Cooley DNA Project Success Stories
Presented to the CFAA, Summer 2014
Over the last two years the project has concentrated on identifying the
Y-DNA signatures for the early American Cooleys. Although we can never know
just when the objective is fully met—or whether it can ever be fully
met—we've made substantial progress and have learned a lot about the
various Cooley clans. For example,
- DNA suggests that Daniel Coley, also an early immigrant to
Massachusetts, may have had a Cooley ancestor in common with Benjamin
Cooley of Masschusetts. (CF02)
- We've learned that the descendants of Reuben Ransom Cooley of Ohio and
Indiana, Abraham Cooley of North Carolina and Virginia, and Thadeus Cooley,
also of Virginia, all have the same Y-DNA signature as the descendants of
Benjamin Cooley. (CF02)
- No Cooleys have been found to match the New York Dutch Coles.
- Descendants of William Cooley of Maryland and Pennsylvania, who married
Elizabeth Firmin, and John Cooley of New Jersey, who married Abigail
Lippincott, have matching Y-DNA. (CF10)
- Daniel Cooley of Adair County, Kentucky, who married Elizabeth Ball, has
traditionally been placed as a son of John Cooley of Stokes County, NC. DNA
suggests that he was not. His descendant's Y matches with up to two
descendants of the John Cooley, also of Adair County, KY, who married Annis
- There has never been a hint that William Henry Cooley and James Cooley,
both born in Pennsylvania on either side of 1800, were related. But their
descendants' DNA tells us they were closely related. Not only that, they
closely match the descendants of John Cooley of Stokes County, NC. John was
of sufficient age to have been their grandfather, but none of his sons can
be placed in Pennsylvania for these men's births. William and James likely
account for a collateral line and represent the only suggestion—genetically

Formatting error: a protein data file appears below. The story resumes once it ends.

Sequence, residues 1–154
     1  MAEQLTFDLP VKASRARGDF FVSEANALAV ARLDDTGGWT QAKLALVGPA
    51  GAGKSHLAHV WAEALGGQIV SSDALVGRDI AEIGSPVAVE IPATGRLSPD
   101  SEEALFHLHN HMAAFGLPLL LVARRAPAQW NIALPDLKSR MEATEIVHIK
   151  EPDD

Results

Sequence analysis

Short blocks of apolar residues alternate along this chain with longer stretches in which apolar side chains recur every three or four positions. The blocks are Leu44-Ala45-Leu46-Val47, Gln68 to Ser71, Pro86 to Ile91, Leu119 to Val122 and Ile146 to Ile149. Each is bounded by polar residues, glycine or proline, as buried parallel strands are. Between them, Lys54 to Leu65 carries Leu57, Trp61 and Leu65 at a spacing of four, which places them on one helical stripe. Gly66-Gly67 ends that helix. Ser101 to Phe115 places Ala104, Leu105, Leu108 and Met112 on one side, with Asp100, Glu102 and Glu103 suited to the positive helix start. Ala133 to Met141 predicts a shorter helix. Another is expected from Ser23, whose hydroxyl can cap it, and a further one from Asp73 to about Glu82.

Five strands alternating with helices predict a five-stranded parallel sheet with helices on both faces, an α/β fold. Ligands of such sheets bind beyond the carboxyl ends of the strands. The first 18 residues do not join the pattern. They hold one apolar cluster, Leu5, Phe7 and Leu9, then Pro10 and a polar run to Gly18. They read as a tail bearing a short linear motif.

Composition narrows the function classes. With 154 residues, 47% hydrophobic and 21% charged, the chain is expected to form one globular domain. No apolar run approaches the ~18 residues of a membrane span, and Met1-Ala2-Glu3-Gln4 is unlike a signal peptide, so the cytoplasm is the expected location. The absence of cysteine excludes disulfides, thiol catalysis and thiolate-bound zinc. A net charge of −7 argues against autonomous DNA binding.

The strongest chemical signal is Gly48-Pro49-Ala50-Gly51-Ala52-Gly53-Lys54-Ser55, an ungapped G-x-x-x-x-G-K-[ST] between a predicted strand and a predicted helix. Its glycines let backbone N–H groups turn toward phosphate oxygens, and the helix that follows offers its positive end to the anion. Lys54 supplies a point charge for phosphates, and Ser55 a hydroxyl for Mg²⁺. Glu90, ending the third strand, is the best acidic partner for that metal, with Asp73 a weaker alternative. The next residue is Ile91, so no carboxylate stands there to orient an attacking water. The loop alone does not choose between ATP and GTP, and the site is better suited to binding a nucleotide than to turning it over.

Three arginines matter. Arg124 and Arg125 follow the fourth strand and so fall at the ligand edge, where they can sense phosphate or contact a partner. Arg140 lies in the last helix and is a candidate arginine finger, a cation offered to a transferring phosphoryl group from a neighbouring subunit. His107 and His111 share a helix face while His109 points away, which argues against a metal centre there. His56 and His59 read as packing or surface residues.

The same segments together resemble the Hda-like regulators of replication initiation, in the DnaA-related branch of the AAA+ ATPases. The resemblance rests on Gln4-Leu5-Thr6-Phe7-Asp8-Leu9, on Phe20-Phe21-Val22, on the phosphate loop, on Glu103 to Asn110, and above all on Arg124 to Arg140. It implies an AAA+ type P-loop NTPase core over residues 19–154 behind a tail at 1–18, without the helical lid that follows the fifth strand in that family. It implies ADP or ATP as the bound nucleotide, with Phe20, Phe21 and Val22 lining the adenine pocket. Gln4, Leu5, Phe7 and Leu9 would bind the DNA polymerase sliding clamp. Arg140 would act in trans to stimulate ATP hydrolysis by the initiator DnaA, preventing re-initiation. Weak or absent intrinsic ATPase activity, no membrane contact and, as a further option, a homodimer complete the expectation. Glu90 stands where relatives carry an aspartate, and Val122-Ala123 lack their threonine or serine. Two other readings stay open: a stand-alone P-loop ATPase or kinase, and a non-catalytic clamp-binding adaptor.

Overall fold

or genealogically—that John Cooley had relatives in America. (CF01)
- A descendant of Edmond Cooley of Spartanburg SC is an exact match to the
Cooleys of Stokes County, NC. This came out of left field. The only
realistic possibility is that he was a son of John's. (CF01)
- And, finally, we've discovered a large, far-flung group of Cooleys in
Virginia and North Carolina for which no genealogical connection has been
made. But DNA tells they were related to one degree or another. The
earliest living of the group, Abraham Cowley, immigrated from England during
the 17th century and resided in Fredericksburg. It's not known whether he
was the patriarch of this group or of a collateral line. A well-seasoned
genealogist needs to step in and try to sort out this fascinating group.
More DNA testing will help. (CF09)
There are several more Cooley families from the era that need to be
DNA-identified. They include,
- James Cooley, born in Virginia in 1760. He served in the Revolution and
moved to Madison County, Kentucky. Current speculation—and it is just
speculation at this point—is that he might have been a brother of
Daniel Cooley of Adair County, Kentucky.
- Another Daniel Cooley, also born in Virginia, was married to Betsy Spurlock.
He died in Kentucky after 1860.
- Another John Cooley, born in England in 1731, served in the Revolution and
settled in Portsmouth, Ohio.
- And we need to resolve the Samuel Coley DNA with at least one more tester.
There are a number of testers in the project who have no matches. The
more testing done, the more likely matches will be uncovered.